When Sian (a Welsh Gaelic name, pronounced "SHAHN") was 5 months old, her parents found a lump on her foot, which doctors diagnosed as a very rare form of cancer called Primitive Neuroectodermal Tumour. They thought it started in her pancreas and spread through her bloodstream.
Her femur -- the biggest bone in the body -- had broken, and she could not pull herself upright in her cot. Her parents were told that cancer makes bones very frangible -- easily broken.
After months of chemotherapy, radiation treatment and multiple surgeries, things started to look up. In consultation with the Paediatric Oncology Group (some 16 hospitals across North America which shared information on chemotherapy protocols), the doctors tried experimental drugs, and Sian responded. That is, until Christmas day, when her mother found lumps on Sian's jaws and legs. More radiation followed, but it was a temporary reprieve. Sian died less than 3 months later, at the age of 17 months.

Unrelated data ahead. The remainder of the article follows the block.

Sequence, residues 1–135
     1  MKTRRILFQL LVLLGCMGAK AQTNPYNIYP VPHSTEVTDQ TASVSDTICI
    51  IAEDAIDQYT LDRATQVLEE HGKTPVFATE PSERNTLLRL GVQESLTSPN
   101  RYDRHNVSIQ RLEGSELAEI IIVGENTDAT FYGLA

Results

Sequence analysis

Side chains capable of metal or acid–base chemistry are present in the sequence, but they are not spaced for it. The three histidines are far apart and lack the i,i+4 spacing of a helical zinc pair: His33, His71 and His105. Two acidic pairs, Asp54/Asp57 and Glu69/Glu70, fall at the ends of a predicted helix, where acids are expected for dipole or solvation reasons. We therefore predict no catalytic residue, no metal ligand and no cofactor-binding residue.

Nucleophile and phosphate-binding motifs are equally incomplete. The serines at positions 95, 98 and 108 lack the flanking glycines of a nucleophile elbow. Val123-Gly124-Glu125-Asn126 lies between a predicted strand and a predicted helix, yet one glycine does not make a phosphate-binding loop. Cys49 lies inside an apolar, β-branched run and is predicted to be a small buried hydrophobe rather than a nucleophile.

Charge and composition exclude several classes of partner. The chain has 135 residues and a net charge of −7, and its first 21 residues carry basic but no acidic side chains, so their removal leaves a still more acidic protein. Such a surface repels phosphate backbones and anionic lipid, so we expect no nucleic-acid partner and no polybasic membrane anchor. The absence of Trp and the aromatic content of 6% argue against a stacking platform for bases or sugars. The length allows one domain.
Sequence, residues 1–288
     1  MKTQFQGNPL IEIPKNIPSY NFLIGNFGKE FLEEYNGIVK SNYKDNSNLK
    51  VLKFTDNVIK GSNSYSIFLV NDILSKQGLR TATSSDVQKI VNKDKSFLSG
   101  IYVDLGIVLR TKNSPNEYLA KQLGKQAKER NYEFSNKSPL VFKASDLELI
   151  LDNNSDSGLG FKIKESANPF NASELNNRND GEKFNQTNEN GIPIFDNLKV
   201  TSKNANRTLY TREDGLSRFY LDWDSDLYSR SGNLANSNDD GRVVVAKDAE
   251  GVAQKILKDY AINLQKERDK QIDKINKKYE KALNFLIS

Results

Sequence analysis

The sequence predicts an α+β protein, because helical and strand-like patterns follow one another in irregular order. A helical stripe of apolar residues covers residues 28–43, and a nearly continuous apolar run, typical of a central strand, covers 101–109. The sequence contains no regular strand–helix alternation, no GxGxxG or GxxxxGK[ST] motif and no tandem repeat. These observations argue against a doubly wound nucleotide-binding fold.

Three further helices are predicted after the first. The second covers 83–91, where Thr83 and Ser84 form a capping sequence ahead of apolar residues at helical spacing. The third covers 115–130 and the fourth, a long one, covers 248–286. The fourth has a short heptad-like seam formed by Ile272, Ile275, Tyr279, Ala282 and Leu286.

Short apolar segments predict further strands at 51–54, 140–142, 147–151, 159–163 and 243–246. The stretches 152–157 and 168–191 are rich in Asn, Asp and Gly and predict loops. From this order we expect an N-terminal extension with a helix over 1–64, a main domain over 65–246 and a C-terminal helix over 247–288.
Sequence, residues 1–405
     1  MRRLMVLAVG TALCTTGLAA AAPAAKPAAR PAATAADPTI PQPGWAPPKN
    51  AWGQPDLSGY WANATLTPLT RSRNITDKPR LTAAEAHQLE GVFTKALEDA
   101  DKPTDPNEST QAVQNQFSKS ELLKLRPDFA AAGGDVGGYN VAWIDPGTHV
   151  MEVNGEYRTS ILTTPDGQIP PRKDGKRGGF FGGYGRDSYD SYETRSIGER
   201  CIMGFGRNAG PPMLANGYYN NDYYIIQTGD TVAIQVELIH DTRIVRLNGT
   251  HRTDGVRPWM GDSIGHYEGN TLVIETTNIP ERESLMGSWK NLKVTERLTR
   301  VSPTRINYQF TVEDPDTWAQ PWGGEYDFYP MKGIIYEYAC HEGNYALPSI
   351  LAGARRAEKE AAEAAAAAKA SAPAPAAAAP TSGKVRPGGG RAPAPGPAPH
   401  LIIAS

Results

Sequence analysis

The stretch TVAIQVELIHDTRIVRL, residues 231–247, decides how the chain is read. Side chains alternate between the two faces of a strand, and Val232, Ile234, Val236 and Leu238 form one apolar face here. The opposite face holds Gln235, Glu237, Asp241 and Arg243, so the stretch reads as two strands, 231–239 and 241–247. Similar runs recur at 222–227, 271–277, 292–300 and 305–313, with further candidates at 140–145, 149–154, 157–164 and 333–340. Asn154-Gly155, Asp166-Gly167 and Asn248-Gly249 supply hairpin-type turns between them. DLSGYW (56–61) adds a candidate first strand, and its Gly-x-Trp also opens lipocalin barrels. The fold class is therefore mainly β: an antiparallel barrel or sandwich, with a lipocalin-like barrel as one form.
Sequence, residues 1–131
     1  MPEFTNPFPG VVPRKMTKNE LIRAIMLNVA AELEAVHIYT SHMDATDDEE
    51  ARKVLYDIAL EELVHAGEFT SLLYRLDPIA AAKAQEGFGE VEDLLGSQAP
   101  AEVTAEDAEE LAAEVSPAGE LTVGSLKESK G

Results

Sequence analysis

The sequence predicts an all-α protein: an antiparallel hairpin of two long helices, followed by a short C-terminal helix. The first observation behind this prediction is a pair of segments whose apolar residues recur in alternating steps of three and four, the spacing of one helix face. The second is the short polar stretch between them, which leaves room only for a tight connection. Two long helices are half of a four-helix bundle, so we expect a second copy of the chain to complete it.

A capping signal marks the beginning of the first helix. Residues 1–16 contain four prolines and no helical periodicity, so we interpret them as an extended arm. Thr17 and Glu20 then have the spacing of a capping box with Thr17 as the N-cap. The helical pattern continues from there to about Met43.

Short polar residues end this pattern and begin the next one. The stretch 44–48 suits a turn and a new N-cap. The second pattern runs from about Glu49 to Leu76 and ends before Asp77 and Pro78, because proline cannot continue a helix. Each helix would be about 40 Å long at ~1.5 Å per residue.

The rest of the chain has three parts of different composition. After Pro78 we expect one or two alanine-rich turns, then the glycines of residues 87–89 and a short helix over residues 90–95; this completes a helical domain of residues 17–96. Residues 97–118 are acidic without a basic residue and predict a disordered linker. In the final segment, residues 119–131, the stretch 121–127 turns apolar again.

In her memory, her parents set up The Sian Bradwell Fund to help pay for medical equipment for the better diagnosis and treatment of children with cancer. The Fund has raised some $1,800,000 for children's hospitals thus far.
The Fund was incorporated in 2000 and is run 100% by volunteers. It was re-certified as a non-soliciting Not-for-Profit organisation in 2014 and reports annually to Corporations Canada.
Sian's story is not unique, unfortunately ... please consider supporting children who are going through what she once did.